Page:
People with healthy adipose tissue have oily skin and healthy hair, nails, voice and teeth. The health of bones is determined by pliable but firm forearms, chin, nails, teeth, ankles, knees and other joints of the body.

Healthy bone marrow leads to good complexion and stout, long, round and stable joints. People with perfectly healthy reproductive system are strong and cheerful.

The dhatus are classified into three: Good (pravara), medium (madhya) and poor (avara). Pravara suggests that a person has excellent immune system. It helps the predominance of the trigunas in the patient: a person is said to belong to the satwa group if he/she has high emotional stability, clarity of thoughts, calmness, optimism etc. The lower levels will qualify him/her to be included in the rajas and tamas of trigunas, which are the three qualities of mind.

Samhanana (Physical build): Body examination is carried out by direct perception – a healthy body being well-built and symmetrical.

Satmya (Adaptibility): Satmya is a process of measuring the capabilities of the person to physically or mentally adapt to changing conditions. It is a complex process, measuring the mental and physical reaction of the person to demanding conditions. Here the patient’s psychological, neurological, immunological conditions are checked.

Indicating substances intrinsic to the body, satmya refers to two types of people: those who are strong, can adjust easily to difficulties and have excellent digestive capacity and those that are generally weak, intolerant to change and can have only a few food options. This is an examination tool unique to Ayurveda.


Satwa (Psychic constitution): Satwa refers to the mind which controls the body in liaison with the soul (atma). It is the capability of the person to continue doing what is required of him/her without giving heed to distractions—both physical and mental. A person can be judged to be of high, moderate or low mental strength.

Ahara Sakthi (Digestive capacity): This has to be judged from the individual’s capacity to consume, digest and absorb food. It also indicates the metabolic capacity of the person.

Vyayama Sakthi (Capacity for Exercise): It indicates a person’s ability to stand physical exertion, and do hard work. Appropriate secretion of metabolic or endocrine products during physical exercise is essential for good endurance in demanding situations. It is can be low, moderate or high.

Vaya (Age): The age of a person provides vital clues for the diagnosis and treatment. The physician compares the actual age of the person with his or her apparent age. If a person appears younger than he or she really, then it is a sign of health. It is broadly categorised into childhood, middle age and old age.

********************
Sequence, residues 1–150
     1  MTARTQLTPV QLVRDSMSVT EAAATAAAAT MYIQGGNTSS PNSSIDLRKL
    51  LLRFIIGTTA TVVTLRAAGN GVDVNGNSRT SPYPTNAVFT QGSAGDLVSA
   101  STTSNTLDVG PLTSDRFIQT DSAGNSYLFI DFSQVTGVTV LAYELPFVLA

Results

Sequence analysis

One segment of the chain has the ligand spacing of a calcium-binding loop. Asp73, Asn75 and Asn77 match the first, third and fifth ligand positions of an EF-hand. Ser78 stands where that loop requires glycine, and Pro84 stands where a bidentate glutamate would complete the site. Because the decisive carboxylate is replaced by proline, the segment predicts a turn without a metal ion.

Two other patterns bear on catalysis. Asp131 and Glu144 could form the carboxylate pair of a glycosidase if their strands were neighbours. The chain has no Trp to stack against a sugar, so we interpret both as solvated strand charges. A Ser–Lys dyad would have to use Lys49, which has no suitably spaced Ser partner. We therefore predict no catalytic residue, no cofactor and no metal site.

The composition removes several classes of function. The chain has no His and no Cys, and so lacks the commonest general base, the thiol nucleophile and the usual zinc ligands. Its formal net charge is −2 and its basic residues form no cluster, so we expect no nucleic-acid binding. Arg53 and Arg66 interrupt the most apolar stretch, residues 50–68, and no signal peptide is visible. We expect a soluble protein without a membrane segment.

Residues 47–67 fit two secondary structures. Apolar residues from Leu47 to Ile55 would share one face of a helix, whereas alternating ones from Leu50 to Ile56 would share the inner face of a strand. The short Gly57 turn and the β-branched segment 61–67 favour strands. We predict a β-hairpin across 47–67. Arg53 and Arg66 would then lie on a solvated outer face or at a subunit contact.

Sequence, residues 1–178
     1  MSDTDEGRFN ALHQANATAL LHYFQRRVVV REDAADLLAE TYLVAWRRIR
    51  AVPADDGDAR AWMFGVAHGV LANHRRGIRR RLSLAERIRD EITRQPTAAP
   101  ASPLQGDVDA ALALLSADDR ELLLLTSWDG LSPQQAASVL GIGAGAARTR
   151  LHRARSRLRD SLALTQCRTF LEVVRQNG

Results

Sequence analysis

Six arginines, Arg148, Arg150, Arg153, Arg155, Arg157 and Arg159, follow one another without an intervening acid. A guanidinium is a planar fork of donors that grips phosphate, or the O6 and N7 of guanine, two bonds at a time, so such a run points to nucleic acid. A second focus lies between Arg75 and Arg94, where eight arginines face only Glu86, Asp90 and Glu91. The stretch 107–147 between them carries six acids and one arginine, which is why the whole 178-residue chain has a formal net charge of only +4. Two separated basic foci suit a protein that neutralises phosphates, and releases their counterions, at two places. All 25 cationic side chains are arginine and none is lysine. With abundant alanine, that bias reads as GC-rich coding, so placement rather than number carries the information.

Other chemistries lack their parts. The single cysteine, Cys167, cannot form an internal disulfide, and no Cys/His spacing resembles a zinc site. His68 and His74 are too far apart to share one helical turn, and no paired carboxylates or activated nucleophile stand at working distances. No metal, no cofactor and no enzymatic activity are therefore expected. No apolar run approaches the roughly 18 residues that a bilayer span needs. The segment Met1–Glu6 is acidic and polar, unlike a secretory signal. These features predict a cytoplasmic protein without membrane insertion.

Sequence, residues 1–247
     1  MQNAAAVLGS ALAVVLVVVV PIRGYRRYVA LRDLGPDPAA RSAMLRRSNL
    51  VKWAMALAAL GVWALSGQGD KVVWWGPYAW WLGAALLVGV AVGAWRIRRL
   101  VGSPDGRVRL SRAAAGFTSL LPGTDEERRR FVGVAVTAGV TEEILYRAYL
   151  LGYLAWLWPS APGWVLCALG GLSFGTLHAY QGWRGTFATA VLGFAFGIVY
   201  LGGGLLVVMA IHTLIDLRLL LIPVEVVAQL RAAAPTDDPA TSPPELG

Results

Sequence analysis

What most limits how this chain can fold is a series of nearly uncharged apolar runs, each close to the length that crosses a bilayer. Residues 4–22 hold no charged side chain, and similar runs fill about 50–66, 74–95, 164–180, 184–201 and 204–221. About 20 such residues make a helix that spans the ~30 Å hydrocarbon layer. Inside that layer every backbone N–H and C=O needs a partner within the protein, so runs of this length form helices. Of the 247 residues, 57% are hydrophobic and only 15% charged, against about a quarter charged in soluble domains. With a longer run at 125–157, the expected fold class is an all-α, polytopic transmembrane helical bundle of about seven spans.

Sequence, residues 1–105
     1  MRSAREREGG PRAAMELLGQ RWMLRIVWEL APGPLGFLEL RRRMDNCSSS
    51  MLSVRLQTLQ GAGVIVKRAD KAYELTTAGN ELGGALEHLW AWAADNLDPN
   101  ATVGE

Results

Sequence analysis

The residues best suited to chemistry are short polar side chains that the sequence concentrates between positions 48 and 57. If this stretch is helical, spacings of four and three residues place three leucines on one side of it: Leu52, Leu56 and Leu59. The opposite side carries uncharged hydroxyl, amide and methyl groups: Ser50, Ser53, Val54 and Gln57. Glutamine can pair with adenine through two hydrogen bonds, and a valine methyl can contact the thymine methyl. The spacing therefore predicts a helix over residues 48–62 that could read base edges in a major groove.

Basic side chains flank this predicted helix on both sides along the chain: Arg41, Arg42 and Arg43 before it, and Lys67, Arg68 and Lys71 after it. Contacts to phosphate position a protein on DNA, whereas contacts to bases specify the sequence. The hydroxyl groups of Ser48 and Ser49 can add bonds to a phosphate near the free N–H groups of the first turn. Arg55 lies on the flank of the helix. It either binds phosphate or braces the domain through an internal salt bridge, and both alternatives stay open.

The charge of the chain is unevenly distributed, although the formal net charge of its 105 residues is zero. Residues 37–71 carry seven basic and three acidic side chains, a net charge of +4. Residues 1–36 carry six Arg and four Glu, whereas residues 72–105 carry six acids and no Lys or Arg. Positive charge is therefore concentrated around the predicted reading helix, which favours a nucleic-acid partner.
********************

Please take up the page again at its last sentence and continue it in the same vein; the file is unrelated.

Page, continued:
Along with the Dasavidha Pareeksha, Ayurveda suggests an eight-point examination (Ashtasthana Pareeksha) to help the physician make the right diagnosis, especially the doshik imbalance. The following examinations are part of it: Pulse (Nadi), tongue (jihwa), stool (malam), urine (mootram), voice and speech (sabdam), body temperature, skin and tactile sense (sparsanam), eye balls and vision (drik) and the physique (akriti).

Pulse (nadi): It provides deep insights into the history of the patient. It gives the physician an idea about body nature, pathological state and imbalances of the tridhosha.

Tongue (jihva): By examining the tongue, a physician can assess the doshic state: a Vata-aggravated tongue is dry, rough and cracked, Pitha-aggravted tongue is red with a burning sensation and Kapha aggravated one is wet, slimy and coated. It also gives an idea about the digestive system.

Voice (sabda): The voice is natural and clear when a person is healthy with the doshas in balance. It becomes heavy when Kapha is aggravated, cracked when Pitha is aggravated and hoarse and rough when afflicted by Vata.

Skin (sparsha): Skin gives away the tridosha state in a person’s body. It becomes coarse and rough with below normal temperature (Vata), high temperature (Pitha) and cold and wet (Kapha).

Eyes (drik): A person with Vata domination has sunken eyes that are dry and reddish brown in colour. When Pitha is aggravated, they turn red or yellow and the patient suffers from photophobia and burning sensations. Vitiated Kapha makes them wet and watery with heaviness in the eyelids.

General appearance (akriti): A trained physician can judge the doshic influences by examining the face of the patient.

Urine (mootra): Examination of the urine helps identify the doshik imbalance in a body.

Stool (mala): When Vata is aggravated, the stool becomes hard, dry and grey/ash in colour. Excess Pitta makes it green/yellow and liquid in form whereas high Kapha lines it with mucus.

As can be seen here, Ayurveda relies heavily on the observations of the practitioner, which is based on a time-tested methodology. It is not the disease the Ayurveda practitioner looks at, but the disease as it manifests in each individual in specific physical and emotional contexts.

Managed by ayurvedamagazine.org

Leave a Comment: